At least anecdotally, it appears that these measures make a difference. Table 1 reflects data on client suicides, attempted suicides, and suicidal ideations.13 From 2009 to 2016, the DSO tracked 19 suicides, 55 attempts, and 107 ideations. The table reflects that between 2009 and 2013, there were roughly five clients who committed suicide each year.14 That number declined contemporaneous with the creation of the functionally independent DSO and implementation of this program.
Viewed another way, from program inception in 2012 through 2016, there were a total of 58 suicidal ideations reported. As Tables 2 and 3 show, since the creation of a functionally independent DSO and the implementation of the DSO suicide prevention program, not only has the number of completed client suicides dropped but the number of reported ideations has increased. If an increase in reports of sexual assault are the result of a successful Sexual Assault and Response Program, so too an increase in reported suicidal ideations to a functionally independent Marine DSO, leading to early intervention and a decrease in completed attempts, is a success. The program is working, but its success is contingent on a functionally independent Marine DSO tribe.
As evidence of success, consider the story of a Marine stationed on the west coast. He wasn’t well liked by his command. He claimed to have been sexually assaulted, but no one believed him. In fact, the complaint alone led to him being ostracized. Depression set in, and he went UA. He came back but didn’t feel safe, so he went UA again.
During his second UA, he found himself with his wife in San Diego. But she didn’t know this was the day he had resolved to end his life. Earlier, he had been to a hardware store to purchase load-bearing hooks and rope. He also visited a local liquor store for a bottle of courage. When his wife went shopping, he turned out the lights, closed all the windows, and sat in the dark, drinking. But in that dark place, he picked up the phone and dialed the only number he had where he thought someone would help, reaching the duty phone for the DSO branch office at MCAS Miramar. One of our defenders answered the phone and drove to his apartment. He kept him on the phone, guiding police to his location. He saved that young man’s life.
Marines under legal scrutiny are Marines under stress. The fact is they are more likely to have suicidal thoughts or ideations than their peers. The delta between a commander and his Marines with legal problems may seem difficult to breach. A functionally independent DSO created the environment where this defender was not only trained to deal with this situation but also felt empowered to apply his training. The DSO answered the phone then, and is there to answer the phone today. Commanders should be aware that even if the perceived adversarial relationship between a Marine with legal issues and his command prevents command-sponsored suicide prevention measures from being effective, a DSO Marine stands ready and will answer the phone.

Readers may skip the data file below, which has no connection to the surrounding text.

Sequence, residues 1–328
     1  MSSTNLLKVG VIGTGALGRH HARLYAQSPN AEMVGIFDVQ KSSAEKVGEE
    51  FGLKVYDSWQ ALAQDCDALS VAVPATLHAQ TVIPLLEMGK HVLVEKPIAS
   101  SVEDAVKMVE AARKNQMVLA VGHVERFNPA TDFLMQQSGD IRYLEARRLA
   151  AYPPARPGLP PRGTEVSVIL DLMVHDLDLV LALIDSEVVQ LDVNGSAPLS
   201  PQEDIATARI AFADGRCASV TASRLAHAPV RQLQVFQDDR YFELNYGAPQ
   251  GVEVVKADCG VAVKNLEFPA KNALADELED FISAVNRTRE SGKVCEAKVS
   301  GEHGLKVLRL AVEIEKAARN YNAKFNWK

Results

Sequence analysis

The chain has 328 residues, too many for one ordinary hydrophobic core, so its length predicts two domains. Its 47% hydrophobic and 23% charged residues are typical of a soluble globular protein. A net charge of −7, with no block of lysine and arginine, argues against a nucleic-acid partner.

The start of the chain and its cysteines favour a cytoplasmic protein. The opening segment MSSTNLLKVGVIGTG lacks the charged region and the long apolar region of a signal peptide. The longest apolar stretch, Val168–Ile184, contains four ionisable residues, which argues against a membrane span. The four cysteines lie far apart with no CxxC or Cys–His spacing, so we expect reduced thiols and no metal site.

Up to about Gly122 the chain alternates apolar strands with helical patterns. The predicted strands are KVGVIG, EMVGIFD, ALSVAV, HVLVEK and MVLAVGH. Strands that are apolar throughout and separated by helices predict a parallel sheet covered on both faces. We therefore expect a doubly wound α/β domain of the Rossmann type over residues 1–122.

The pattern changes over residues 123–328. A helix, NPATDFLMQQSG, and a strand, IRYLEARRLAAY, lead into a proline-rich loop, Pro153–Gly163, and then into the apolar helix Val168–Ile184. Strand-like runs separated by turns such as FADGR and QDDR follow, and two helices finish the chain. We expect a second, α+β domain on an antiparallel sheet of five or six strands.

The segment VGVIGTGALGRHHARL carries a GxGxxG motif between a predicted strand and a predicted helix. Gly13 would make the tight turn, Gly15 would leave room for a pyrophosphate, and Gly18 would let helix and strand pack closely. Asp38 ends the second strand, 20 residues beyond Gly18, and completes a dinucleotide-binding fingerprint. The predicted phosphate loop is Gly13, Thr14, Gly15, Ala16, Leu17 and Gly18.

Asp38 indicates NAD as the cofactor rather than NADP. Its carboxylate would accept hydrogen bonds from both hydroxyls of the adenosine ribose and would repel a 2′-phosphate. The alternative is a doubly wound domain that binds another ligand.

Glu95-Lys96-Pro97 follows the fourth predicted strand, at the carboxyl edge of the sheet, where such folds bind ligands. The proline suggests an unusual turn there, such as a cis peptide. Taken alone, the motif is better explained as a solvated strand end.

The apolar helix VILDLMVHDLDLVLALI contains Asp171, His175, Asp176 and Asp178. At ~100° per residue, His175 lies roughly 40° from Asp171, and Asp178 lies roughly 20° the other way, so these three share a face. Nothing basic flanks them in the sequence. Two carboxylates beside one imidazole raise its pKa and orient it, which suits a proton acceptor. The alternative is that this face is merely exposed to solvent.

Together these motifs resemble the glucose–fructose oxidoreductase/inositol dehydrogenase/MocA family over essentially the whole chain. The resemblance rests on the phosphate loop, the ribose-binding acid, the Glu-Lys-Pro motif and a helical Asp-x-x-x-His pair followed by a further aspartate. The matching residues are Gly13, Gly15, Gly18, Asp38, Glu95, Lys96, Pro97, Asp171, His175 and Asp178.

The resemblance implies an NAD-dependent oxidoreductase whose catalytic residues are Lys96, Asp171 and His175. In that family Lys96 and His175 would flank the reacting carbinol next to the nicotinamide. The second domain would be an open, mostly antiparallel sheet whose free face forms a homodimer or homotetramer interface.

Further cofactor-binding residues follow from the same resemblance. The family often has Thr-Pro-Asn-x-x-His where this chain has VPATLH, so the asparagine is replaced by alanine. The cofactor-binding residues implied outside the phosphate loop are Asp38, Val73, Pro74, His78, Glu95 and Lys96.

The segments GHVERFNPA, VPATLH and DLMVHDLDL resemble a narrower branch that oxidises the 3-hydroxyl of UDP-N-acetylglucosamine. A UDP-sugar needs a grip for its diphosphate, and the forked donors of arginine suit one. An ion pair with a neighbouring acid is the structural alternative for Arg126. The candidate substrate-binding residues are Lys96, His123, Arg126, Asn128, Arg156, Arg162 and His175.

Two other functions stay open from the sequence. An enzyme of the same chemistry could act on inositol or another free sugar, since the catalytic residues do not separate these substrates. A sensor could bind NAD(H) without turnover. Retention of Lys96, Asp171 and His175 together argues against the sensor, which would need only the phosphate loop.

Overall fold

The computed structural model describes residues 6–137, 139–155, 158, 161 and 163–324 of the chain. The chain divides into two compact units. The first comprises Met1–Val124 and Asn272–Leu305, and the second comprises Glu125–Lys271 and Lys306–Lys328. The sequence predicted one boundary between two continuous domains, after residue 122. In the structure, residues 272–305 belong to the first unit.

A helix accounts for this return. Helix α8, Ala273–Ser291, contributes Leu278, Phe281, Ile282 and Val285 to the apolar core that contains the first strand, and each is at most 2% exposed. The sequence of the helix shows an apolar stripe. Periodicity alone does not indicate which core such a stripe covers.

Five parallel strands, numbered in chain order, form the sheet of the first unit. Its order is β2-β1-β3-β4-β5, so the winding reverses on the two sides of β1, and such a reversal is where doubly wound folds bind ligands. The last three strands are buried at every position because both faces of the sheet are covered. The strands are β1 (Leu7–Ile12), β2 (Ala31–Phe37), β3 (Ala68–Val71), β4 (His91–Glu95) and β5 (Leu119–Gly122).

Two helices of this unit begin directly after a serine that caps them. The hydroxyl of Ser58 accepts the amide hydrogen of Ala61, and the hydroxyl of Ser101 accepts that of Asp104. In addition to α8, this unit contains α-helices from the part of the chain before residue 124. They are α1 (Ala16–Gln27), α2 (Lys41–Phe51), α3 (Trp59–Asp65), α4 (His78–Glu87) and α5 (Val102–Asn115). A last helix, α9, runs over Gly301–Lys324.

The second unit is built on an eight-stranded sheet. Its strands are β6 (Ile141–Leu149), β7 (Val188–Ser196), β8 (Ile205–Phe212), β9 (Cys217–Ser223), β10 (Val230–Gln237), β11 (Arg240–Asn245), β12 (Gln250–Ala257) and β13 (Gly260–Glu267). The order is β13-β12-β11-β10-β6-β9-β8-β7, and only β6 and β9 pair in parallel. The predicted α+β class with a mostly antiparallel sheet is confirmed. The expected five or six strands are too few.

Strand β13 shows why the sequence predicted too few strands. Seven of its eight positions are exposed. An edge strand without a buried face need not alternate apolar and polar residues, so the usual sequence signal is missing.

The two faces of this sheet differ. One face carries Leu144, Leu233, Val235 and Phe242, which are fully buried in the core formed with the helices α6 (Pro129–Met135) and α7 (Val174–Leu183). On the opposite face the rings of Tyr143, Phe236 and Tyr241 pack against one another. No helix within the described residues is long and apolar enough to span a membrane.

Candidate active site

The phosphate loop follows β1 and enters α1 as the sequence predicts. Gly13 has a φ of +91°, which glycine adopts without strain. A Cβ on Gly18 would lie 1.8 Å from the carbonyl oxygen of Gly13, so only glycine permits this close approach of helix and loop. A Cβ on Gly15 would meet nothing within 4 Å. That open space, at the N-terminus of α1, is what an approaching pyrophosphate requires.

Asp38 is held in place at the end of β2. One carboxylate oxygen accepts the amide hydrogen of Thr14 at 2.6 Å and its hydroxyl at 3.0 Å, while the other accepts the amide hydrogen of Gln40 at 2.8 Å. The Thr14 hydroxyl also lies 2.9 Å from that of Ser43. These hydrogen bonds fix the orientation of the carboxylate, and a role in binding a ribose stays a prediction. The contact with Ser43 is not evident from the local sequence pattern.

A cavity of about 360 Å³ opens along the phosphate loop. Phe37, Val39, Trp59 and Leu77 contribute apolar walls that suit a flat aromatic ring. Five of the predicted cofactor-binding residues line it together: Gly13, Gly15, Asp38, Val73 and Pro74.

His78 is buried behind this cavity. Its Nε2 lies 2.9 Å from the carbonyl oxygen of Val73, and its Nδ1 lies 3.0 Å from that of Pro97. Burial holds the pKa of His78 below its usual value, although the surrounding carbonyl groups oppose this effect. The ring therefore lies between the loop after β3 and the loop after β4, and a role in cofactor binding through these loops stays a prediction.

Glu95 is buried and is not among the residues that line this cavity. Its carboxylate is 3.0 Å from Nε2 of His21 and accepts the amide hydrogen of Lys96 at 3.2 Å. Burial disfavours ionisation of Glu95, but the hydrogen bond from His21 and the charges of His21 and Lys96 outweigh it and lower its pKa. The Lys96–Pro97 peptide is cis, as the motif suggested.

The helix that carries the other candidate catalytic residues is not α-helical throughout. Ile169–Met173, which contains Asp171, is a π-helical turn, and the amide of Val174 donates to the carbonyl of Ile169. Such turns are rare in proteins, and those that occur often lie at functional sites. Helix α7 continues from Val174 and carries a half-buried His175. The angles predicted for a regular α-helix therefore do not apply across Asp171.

1. Center for Disease Control and Prevention, “Leading Causes of Death,” National Center for Health Statistics, (Online: 14 June 2018), available at https://www.cdc.gov.
2. John G. Baker, “Saving Lives by Caring,” Marine Corps Gazette, (Quantico, VA: August 2013), available at https://search.proquest.com. See also, Chief Defense Counsel of the Marine Corps, CDC Policy Memorandum 2.4A, Suicide Awareness and Response for Clients in Crisis, (Online: 21 March 2017), available at https://www.hqmc.marines.mil.
3. The phrases “Marine defenders,” and “defenders” are not doctrinal but are intended to be inclusive of officers, enlisted, and civilians in the Marine Corps DSO and are therefore apt descriptions in the context of this article.
4. Headquarters Marine Corps, MCWP 11-10, Marine Corps Legal Support, (Washington, DC: 19 June 2018). See also MCO 5800.16, Legal Support and Administrative Manual, Marine Corps Defense Services Organization, (Washington, DC: 20 February 2018).
5. While representing a Marine in Iraq, a very senior and well-respected Marine Corps general officer once told me, “I wouldn’t have charged your client if I couldn’t prove he was guilty.”
6. The client’s struggle is commonly broader than what one sees on the charge sheet. It is both existential and mundane. As defenders, we take on both. For example, I had a client whose mother visited him at the base brig. Prior to leaving, she went shopping at the local mall, where she accidentally left her packages. I attended to the packages by driving to the mall and holding them until my client’s mother picked them up. Another client with a religious objection to the anthrax vaccine led me to become as much chaplain as I was lawyer. More on point, I had a drunk client expressing suicidal ideations to me on the phone. I used the assessment tools referenced in this article, determined a disclosure was required, and called a command representative on the other line.
7. The attorney representing a Marine is commonly associated with that Marine’s purported behavior. For example, a commander once sent out an email to his staff referring to a defense counsel as a “criminal like her clients.”
8. This “crucible of camaraderie” also necessitates functional independence.
9. With three distinct exceptions, the attorney-client privilege is sacrosanct. One of those exceptions is where the client makes a legitimate threat to harm herself.
10. CDC Policy Memorandum 2.4A.
11. Chief Defense Counsel of the Marine Corps, CDC Policy Memorandum 1.2A, Chief Defense Counsel’s Critical Information Requirements, (Online: 20 July 2017), available at https://www.hqmc.marines.mil.
12. CDC Policy Memorandum 2.4A. An increase in completed client suicides between 2009 and 2012 led DSO leaders to develop a relationship with the experts at the Marine Corps’ Suicide Prevention Office. This how the DSO learned to use and apply tools such as the Columbia Suicide Severity Rating Scale.
13. In reviewing this data, it is important to understand that the DSO did not exist as a functionally independent organization within the legal community until 2012.
14. There were no client suicides in 2017. In 2018, there has been one legitimate attempt and one completed client suicide. I am cognizant of how it looks to footnote a suicide in an article on suicide prevention. This loss of life was, and is, a tragic event. But accuracy dictates I at least tell the reader.